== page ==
Abstract

An application of varifocal mirror autostereoscopic imaging to 3-D computer-generated movies is described. A high speed movie projector and oscillating varifocal mirror project moving autostereoscopic images at 15 volumetric images per second. In order lo distribute evenly the component images along the depth axis, linear time scans of the image volume are required. However, the image position is a nonlinear function of the mirror displacement, which, in turn, has a nonlinear frequency response to the mirror driving voltage. Analytical and experimental investigations are reported in which approximately linear scans for duty cycles approaching 90% were attained.

© 1968 Optical Society of America

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References

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  1. A. C. Traub, Appl. Opt. 6, 1085 (1967).
    [CrossRef] [PubMed]
  2. J. C. Muirhead, Rev. Sci. Instrum. 32, 210 (1961).
    [CrossRef]

1967

1961

J. C. Muirhead, Rev. Sci. Instrum. 32, 210 (1961).
[CrossRef]

Muirhead, J. C.

J. C. Muirhead, Rev. Sci. Instrum. 32, 210 (1961).
[CrossRef]

Traub, A. C.

Appl. Opt.

Rev. Sci. Instrum.

J. C. Muirhead, Rev. Sci. Instrum. 32, 210 (1961).
[CrossRef]

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Figures (9)

Fig. 1
Fig. 1

Autostereoscopic display using a vibrating varifocal mirror

Fig. 2
Fig. 2

Schematic diagram of the system used to project autostereoscopic computer-generated movies.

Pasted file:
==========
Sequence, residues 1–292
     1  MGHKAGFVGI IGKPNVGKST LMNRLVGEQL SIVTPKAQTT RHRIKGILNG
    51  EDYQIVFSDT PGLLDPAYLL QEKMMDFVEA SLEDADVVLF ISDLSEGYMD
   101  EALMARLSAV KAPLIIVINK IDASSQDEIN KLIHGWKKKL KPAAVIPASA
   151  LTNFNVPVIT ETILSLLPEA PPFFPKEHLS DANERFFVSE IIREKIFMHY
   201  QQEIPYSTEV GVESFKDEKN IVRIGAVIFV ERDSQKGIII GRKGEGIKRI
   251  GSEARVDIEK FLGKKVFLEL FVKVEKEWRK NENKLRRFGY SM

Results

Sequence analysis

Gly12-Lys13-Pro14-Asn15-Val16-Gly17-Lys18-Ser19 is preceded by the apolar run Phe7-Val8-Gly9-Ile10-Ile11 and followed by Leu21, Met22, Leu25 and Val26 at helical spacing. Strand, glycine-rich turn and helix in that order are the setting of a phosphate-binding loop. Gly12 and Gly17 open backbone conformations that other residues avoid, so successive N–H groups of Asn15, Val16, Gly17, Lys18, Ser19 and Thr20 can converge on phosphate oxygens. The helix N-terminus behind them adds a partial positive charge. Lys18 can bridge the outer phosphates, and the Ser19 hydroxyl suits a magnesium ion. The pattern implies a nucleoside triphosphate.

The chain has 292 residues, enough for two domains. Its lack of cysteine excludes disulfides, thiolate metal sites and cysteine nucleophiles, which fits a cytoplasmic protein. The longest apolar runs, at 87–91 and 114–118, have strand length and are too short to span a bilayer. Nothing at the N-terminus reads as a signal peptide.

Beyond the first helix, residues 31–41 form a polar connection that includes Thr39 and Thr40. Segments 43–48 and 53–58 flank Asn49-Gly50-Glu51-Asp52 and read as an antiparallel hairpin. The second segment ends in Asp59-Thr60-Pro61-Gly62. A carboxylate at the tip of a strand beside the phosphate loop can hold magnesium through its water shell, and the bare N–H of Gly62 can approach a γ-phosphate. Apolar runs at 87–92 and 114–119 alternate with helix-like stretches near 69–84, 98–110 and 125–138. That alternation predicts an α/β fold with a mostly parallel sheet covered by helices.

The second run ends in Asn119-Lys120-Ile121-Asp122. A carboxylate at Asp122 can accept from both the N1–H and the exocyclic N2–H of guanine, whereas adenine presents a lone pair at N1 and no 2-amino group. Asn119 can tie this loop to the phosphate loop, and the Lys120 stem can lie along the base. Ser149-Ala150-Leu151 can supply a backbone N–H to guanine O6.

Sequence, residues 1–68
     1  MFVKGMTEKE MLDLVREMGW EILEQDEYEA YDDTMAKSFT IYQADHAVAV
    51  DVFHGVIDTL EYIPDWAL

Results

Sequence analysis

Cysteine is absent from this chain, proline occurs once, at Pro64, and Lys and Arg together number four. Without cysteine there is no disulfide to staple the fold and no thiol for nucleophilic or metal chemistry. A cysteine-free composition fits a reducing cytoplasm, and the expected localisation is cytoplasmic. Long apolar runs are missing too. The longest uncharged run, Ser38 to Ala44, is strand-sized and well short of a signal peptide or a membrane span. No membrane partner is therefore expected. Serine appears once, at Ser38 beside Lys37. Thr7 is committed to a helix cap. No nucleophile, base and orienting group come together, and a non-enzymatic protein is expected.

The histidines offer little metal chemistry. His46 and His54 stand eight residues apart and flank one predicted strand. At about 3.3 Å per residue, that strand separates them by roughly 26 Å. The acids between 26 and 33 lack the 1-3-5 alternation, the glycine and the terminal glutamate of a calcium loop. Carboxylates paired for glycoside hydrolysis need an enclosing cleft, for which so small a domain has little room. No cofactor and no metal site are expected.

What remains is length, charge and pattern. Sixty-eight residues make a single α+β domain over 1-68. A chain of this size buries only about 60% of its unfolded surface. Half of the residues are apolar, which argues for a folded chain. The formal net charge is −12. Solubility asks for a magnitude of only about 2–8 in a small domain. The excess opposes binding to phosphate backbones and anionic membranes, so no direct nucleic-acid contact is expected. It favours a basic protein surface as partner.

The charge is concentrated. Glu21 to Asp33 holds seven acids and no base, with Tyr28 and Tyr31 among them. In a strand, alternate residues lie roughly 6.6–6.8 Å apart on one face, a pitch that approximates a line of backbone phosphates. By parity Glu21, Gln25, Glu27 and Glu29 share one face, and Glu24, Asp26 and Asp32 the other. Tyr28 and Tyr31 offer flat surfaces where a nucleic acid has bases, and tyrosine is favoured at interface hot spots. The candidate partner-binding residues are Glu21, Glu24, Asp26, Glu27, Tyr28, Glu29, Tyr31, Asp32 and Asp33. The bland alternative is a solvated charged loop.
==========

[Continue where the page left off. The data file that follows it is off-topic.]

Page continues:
Fig. 3
Fig. 3

The two top photographs show oblique views of the 3-D display from two different directions. The blurring is due both to figure movement and image jitter during the exposure, and to the shallow depth of focus of the camera. The bottom photograph shows a single movie frame that is included to assist in visually interpreting the top photographs.

Fig. 4
Fig. 4

Optical diagram showing the terms used in the analysis.

Fig. 5
Fig. 5

Diagrams of (a) the sawtooth waveform D(t), and (b) the second order correction term D2(t) used in deriving an improved mirror displacement waveform.

Fig. 6
Fig. 6

Comparison of image motion ∑(t) and mirror motion Φ(t) over one oscillation period for three different driving waveforms. Ideally, what is desired is a straight; line (sawtooth) waveform in the image position graph (the top graph). It is apparent; that, the second order image motion (B, top) is more linear than the first, order image motion (broken line, top). The sine wave case (A) is shown for comparison.

Fig. 7
Fig. 7

Experimental apparatus used to record (a) mirror displacement waveforms, and (b) swept line images of a pinhole point light source.

Fig. 8
Fig. 8

This figure illustrates the distorting effects of higher order modes that appear when a sinusoidal waveform (top row) is replaced by a sawtooth waveform (second row). Some improvement is obtained by heat treating the Mylar mirror (third row). The voltages indicated are peak to peak. The mirror diameter is 17 cm.

Fig. 9
Fig. 9

This figure shows the results of removing high frequency Fourier components from the driving waveform by low pass filtering. Tie filter cutoff frequencies are indicated at the extreme left. At a cutoff frequency of 200 Hz, this mirror displays a smooth ring-free, nearly linear mirror displacement waveform, which lasts almost 90% of the oscillation period.

Equations (10)

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s f = ( - s f + Δ ) ( 1 + Δ 2 / R 2 ) 1 + ( 4 s f / R 2 ) Δ - ( 3 / R 2 ) Δ 2 + Δ .
σ = ( - σ + δ ) ( 1 + δ 2 ) ( 1 + 4 σ δ - 3 δ 2 ) + δ .
σ = - σ / ( 1 + 4 σ δ ) .
Σ = 1 / ( 1 - Φ ) .
m - 1 = ( 1 + 4 σ δ - 3 δ 2 ) / ( 1 + δ 2 ) .
Σ ( t ) = 1 / [ 1 - Φ ( t ) ] = 1 + D ( t ) ,
Φ ( t ) = D ( t ) / [ 1 + D ( t ) ] ,
Φ ( t ) = D ( t ) - D 2 ( t ) + D 3 ( t ) - .
Φ 2 ( t ) D ( t ) - D 2 ( t ) = A 0 + 1 ( A m cos m ω t + B m sin m ω t ) ,
A 0 = - α 2 / 3 , B m = ( - 1 ) m - 1 ( 2 α / m π ) , A m = ( - 1 ) m - 1 ( 4 α 2 / m 2 π 2 ) = ( - 1 ) m - 1 B m 2 .

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